Professor David Skegg believes New Zealand's Delta outbreak could mean a long lockdown - and says the fight against the virus will go on for years.
The epidemiologist said he had not been closely working on the latest cases but "as an uninformed person, it is unlikely the lockdown will end next Tuesday. It'll be a matter of weeks I fear".
Skegg told Parliament's health select committee that opening borders would mean more outbreaks of Covid-19.
"Let me be completely frank - when we reopen the border, things are going to get tough.
"When we start reopening the borders, we are going to have outbreaks of Covid-19 and they're going to be difficult to control.
"We are going to be at war with this virus for years," Skegg said.
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The health committee discussed New Zealand's reopening strategy and the latest outbreak.
"Our number one priority is to stamp out this outbreak that we are experiencing, and our other priority is to vaccinate as many people as possible," Skegg said.
Regarding Australian Prime Minister Scott Morrison's comments about New Zealand's elimination strategy, Skegg said he "thought the comments from Scott Morrison were pretty inappropriate".
National's Covid-19 spokesman Chris Bishop asked Skegg what sort of vaccination coverage was needed to reopen to the world.
"It didn't make a lot of sense to pluck a figure out of the air like the Australians have like 70 per cent or 80 per cent," Skegg said.
"The more people you have vaccinated the better - the more options you've got.
"With this pesky virus you don't reach a state of herd immunity," Skegg said.
Bishop asked whether Skegg whether he could say how vaccination rates would affect the severity of outbreaks.
"Unfortunately there is no simple answer," Skegg said.
"Even at over 90 per cent we couldn't just rely on vaccination. A lot depends on how many people we have coming in carrying the virus and whether we have to adopt physical measures like mask wearing, it depends how good out contract tracing is," Skegg said.
"I'd love to be able to answer your question, but there's no way it can be answered.
Act leader David Seymour asked the committee about booster shots.
Professor Nikki Turner, of the University of Auckland, said the evidence on when boosters would be needed was unclear. Evidence so far suggested immunocompromised people were likely to need boosters first.
"The early data coming through is that some immunocompromised people are likely to see waning immunity first.
"We are expecting at some stage we will need boosting, but we do not know when."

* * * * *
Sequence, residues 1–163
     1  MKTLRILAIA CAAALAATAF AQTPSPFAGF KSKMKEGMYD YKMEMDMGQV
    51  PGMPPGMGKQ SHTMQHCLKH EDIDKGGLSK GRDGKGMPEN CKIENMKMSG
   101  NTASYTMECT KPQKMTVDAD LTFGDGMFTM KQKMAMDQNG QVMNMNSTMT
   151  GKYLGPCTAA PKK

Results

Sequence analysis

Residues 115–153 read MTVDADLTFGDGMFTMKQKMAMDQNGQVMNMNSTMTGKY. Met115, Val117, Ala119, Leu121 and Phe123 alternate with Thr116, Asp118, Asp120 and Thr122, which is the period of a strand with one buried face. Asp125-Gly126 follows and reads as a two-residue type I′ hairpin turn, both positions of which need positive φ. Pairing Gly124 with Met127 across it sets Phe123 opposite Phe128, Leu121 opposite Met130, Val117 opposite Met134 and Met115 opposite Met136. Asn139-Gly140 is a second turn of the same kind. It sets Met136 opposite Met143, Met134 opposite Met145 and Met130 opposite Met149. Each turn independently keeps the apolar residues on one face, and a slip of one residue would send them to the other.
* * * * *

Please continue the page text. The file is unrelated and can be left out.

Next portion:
Skegg said the Delta variant makes him "less optimistic that next year we will be able to continue controlling outbreaks by testing and contact tracing alone".
This is because the period between infection and becoming symptomatic is so short, it is very difficult to contact trace.
Turner discussed why it was important the Government was now extending the time between first and second doses of the vaccine.
She said that one dose of the vaccine provided people with significant protection.
"In the end our priority is if we do get community transmission we want as many people as possible protected against severe disease," Turner said.
Turner said that the vaccine is still quite "difficult" for primary care providers to manage, because of its temperature requirements and other issues. This has made it more difficult to bring GPs and pharmacies online.
Skegg said the country will have to get more used to using the bluetooth function of tracing if we're to get on top of reopening.
"That's the kind of thing we're going to really lift our game on," Skegg said.
Turner said the Government could look at using other non-Pfizer vaccines in future if the evidence suggested they were worthwhile.
"We need to watch this space," Turner said.
Turner said that for the small number of people who had a bad reaction to the Pfizer vaccine, the Government would look to use other vaccines, likely the Jansen vaccine.
Bishop asked whether the country may have to ditch the elimination strategy because it became impossible to maintain.
"What would it take for something to happen in New Zealand for you to conclude that elimination is now an impossible goal?" Bishop said.
Skegg replied that the country will "continue to try and stamp it out. When we fail - we may fail, we've taken an ambitious strategy, but we lose nothing by doing that.
"We may find that it's not possible, we may find that we have to move to a suppression strategy, but it won't be something we do in advance - it will just happen.
Skegg said that life under a suppression strategy would be more difficult than life under elimination.
"Unfortunately, it will not be good because we will all have to live a more restrictive life, people will have to shield from each other particularly in winter," Skegg said.
The National Party today launched a five point vaccination strategy, which focused on targeting vaccinations at people who were most vulnerable, targeting vaccinations at the vectors of transmission - like young people, and ramping up the rate of vaccination to 100,000 a day.